Hiroki delivers one of the most natural, confident and empathic dramas I've ever laid eyes on, helped by Terajima's stellar performance.
The good stuff
Hiroki made a pretty brave move here, incorporating new elements from other genres into his movies without changing anything of his trademark style.
In many ways, Strobe Edge is a typical manga adaptation as much as it is a typical romance. But Hiroki builds upon that to make a sweet, cute and genuine little love story.
Her Granddaughter is a beautiful, serene and heart-warming little drama with no false notes, no overt sentimentality and no obvious tear-jerking.
Thanks to its slightly magical touches and its strong shifts between feel-good and drama, Yellow Elephant rises above the majority of other Japanese dramas out there.
Keibetsu turns out to be another strong addition to Hiroki's oeuvre. It's not his best film to date, but it's nice to see him try out new stuff, even when it's not all that radical.
It's not a wildly original film but it introduces enough elements to differentiate itself from other Japanese dramas while keeping the usual traits firmly in place.
For Western audiences the themes of Last Words may be quite sad and depressing, but Nagisa's acceptance of her nearing death paints a very different picture.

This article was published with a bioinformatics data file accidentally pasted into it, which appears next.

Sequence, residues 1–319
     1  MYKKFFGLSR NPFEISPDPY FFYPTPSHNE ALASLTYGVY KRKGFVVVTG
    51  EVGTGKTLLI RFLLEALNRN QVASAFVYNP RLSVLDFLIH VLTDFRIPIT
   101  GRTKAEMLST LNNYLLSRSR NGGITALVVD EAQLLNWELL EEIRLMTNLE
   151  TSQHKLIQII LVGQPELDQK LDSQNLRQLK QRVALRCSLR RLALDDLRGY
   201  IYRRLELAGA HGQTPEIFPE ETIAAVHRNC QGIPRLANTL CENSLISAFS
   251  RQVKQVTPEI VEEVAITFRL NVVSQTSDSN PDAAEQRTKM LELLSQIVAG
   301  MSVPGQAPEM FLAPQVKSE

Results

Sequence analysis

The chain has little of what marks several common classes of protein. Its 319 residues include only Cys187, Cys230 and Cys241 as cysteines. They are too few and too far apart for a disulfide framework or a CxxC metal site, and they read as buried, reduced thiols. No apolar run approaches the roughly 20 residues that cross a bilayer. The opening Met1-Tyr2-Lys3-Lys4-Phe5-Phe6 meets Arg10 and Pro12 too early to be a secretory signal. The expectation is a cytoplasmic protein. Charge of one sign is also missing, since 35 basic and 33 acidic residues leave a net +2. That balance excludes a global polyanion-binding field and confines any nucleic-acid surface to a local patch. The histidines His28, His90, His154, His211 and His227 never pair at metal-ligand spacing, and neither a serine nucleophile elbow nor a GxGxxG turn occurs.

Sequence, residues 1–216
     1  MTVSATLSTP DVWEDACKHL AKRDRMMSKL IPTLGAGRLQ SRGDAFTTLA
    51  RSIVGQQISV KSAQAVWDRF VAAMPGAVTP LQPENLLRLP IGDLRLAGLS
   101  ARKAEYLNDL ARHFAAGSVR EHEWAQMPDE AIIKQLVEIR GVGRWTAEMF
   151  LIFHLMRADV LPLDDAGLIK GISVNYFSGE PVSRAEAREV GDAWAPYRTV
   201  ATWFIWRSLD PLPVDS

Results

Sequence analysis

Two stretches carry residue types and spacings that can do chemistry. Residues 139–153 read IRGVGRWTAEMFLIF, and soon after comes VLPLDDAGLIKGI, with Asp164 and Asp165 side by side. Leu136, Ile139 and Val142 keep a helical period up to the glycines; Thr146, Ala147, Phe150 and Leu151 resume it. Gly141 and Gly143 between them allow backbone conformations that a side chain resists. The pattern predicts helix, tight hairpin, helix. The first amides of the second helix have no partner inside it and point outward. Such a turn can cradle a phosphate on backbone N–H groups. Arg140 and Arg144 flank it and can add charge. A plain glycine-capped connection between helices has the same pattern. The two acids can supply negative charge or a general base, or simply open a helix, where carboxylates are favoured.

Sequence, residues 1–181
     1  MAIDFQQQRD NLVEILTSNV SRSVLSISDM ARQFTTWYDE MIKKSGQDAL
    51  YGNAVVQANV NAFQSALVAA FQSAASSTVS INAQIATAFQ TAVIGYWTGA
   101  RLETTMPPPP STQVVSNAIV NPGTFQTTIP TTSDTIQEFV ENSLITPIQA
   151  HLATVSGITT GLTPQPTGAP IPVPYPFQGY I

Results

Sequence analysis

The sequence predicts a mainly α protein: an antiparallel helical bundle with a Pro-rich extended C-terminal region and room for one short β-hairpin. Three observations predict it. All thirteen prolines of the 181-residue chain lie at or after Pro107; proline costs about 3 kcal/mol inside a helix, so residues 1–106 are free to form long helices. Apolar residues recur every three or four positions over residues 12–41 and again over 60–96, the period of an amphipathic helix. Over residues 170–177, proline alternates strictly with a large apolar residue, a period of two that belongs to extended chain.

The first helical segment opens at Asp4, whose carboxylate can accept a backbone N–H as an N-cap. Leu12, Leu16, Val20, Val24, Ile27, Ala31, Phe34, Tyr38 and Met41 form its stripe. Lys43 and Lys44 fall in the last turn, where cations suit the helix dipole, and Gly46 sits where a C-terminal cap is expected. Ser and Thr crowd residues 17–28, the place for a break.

If you want another character drama, M might prove to be a too big a challenge and there are plenty of other Hiroki films you could and should be watching instead.
I became transfixed by the soothing island atmosphere, the laid-back pacing and the nice surroundings.
Girlfriend: Someone Please Stop The World is a solid, smart drama that serves as a good entry point to his oeuvre. The film showcases his talent and houses many of his trademark elements.
Solid drama from Ryuichi Hiroki, where he returns to the Fukushima disaster area to see how many people are still struggling with the aftermath. It's a little too disjoined for its own good, but there some poignants moments and surprising insights that make this worth the while.
Sweet and endearing drama with a slightly fantastical touch. The film is beautifully shot and feels like a warm blanket, an ideal watch for a warm and summery day. It gets a little too dramatic at times and personally I prefer Hiroki's more serious work, but this is two hours well spent.
Not of one Hiroki's best. There are moments where his talent shines through, but the story is a bit too convoluted and the theme is handled in a way that seems to reference the manga a bit too literally. Overall it's not a bad film with a couple of worthwhile scenes, but Hiroki has shown he can do better.
Worthy but flawed
A rather poor Ryuichi Hiroki film. It lacks his knack for properly fleshing out characters and it looks a little too slick. Not too surprising since this is the film-sequel of a popular J-Drama, but still I expected more from him. It's not a terrible film, just that Hiroki could've done a lot better with this material.